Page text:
Buffer supports Twitter, Facebook (profile, page, group), LinkedIn (profile, page), Google+ (page), and Pinterest. The free version of Buffer limits the number of messages you can schedule, so I use the $10/month version—their Awesome Plan. The Awesome Plan allows you to connect ten social profiles, schedule up to 100 posts at a time, and give access to two people for each social account. You also get analytics for the messages you’ve published in the last 30 days.

You can schedule messages on the Buffer website or you can use the Buffer extension icon for Chrome and Safari browsers. When I’m reading something I want to share, I click my Buffer extension icon. A Buffer editing box pops up, pre-populated with a suggested tweet and shortened URL. I select which of my social accounts I want it to publish to, and edit the tweet, if I wish, for those accounts. For Twitter, I can abbreviate the text and add a hashtag. For LinkedIn, I can add more text and remove any Twitter abbreviations and hashtags. If you want to revise or reorder any of your scheduled messages, you can do that on the Buffer website.

Both Buffer and Hootsuite have apps for your phone and iPad so you can check and schedule social media updates when you’re away from your desk. I can’t imagine using social media without these two tools. They help me use my time effectively, find good reads, and share my finds with others.

Deirdre Reid, CAE is a freelance writer for technology firms serving the association market. The association community remains her professional home after spending ten years at national and state associations overseeing membership, vendor programs, marketing, publications, chapter relations and more. 

Still trying to figure out Twitter? I don’t blame you, they don’t make it easy. Check out my Twitter basics series:

 (Creative Commons licensed photo by nebirdsplus)

When I talk to people about Twitter, some of them have tried it out and just don’t see the appeal. After digging deeper I find out the problem is related to two issues – they don’t know how to find good people to follow and they don’t know how to engage. I’ll discuss how to engage in my next post. If you’re not following the right people, it’s like being at a party surrounded by uninteresting, and possibly obnoxious, conversations. Spare me.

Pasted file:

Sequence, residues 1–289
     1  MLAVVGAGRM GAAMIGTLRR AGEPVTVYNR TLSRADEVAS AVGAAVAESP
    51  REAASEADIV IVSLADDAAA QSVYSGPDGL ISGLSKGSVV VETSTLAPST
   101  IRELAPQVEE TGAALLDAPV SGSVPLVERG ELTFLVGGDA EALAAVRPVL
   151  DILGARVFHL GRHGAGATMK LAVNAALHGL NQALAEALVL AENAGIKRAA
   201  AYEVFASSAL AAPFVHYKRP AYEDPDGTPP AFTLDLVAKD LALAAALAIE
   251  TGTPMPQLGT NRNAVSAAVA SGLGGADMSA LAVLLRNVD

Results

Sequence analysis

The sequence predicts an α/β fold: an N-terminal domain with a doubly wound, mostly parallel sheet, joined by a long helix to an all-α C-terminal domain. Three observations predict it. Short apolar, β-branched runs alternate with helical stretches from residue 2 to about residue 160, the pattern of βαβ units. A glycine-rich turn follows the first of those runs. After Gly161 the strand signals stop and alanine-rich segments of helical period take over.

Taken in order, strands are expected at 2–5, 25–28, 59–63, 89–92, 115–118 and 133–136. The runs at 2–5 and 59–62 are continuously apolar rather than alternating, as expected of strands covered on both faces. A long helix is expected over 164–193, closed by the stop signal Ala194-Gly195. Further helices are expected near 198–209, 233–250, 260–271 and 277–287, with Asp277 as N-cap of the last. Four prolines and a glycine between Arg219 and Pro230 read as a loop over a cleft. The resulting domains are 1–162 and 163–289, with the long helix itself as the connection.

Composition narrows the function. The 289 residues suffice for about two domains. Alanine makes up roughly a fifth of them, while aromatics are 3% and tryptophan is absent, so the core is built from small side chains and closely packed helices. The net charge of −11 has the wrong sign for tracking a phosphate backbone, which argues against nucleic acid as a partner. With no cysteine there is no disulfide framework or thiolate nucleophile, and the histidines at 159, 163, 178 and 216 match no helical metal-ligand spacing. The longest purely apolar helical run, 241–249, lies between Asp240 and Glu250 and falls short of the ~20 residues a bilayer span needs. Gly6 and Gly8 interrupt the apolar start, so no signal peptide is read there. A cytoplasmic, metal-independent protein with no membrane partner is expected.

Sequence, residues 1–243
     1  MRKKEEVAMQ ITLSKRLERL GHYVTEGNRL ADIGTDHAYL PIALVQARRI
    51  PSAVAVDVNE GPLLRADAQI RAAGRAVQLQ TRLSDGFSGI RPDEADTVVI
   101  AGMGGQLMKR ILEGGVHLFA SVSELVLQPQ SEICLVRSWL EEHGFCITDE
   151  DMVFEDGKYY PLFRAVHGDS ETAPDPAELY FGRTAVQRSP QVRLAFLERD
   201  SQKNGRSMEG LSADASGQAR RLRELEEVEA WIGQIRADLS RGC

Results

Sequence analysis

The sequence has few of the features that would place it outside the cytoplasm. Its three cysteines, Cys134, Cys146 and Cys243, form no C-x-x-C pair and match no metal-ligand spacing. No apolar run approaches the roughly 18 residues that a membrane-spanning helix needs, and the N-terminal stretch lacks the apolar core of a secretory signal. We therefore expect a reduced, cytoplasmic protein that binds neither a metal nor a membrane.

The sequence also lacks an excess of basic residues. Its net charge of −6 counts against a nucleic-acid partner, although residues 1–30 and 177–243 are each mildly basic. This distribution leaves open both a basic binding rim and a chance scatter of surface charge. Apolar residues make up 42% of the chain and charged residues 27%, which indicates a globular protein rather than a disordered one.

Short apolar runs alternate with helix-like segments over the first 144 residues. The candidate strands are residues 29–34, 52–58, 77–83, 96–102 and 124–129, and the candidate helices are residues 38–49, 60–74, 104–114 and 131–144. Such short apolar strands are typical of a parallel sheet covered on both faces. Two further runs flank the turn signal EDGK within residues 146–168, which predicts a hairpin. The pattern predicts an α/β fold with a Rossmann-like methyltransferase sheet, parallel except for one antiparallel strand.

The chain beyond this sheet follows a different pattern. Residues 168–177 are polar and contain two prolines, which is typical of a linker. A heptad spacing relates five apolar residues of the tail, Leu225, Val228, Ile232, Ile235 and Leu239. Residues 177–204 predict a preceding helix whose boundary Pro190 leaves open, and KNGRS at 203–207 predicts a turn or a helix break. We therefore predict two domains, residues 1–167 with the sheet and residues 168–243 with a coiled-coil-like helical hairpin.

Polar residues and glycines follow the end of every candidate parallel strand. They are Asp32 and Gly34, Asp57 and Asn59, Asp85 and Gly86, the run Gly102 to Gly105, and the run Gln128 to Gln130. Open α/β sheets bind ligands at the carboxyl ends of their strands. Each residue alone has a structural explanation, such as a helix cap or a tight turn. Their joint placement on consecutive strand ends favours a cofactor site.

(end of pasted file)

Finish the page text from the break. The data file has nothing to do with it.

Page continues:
Whom do you want to follow?

Think about what you hope to gain from Twitter and that will help you figure out what types of people to follow.

  • Those who are in your industry or profession so you can chat, learn from each other and/or share resources with each other? Perhaps even become Twitter friends with them? Or maybe in-real-life friends?
  • Those attending the same conference or event as you?
  • Those who have the same interests or hobbies as you? Those who send out good information about those interests or hobbies?
  • Those who live in your community?
  • Prospective or current customers/members?
  • News and information sources?
  • Interesting people – celebrities, athletes, authors, thought leaders, etc.?
  • Family, friends, acquaintances and/or colleagues?

On Facebook, and even LinkedIn, you usually know the people you friend or add to your network. Twitter is different; you don’t need to know people to follow them. Complete strangers follow me all the time on Twitter, it’s perfectly acceptable. And remember, you don’t need to follow them back. Check out their profile (bio, location and website) and review their tweets. If they can provide value to you (interesting information, conversation or laughs), go ahead and follow them; you can always unfollow them if you change your mind.

Find those you know.

<Twitter and LinkedIn instructions, functions and features change frequently. These instructions may not match how these sites work today but you’ll get a sense of how to find people.>

Click on Find People at the top of your homepage. You can use Find on Twitter to do a search for names of people you know, but this can be tedious. A quicker way is to click on Find Friends and upload your email contacts to find matches.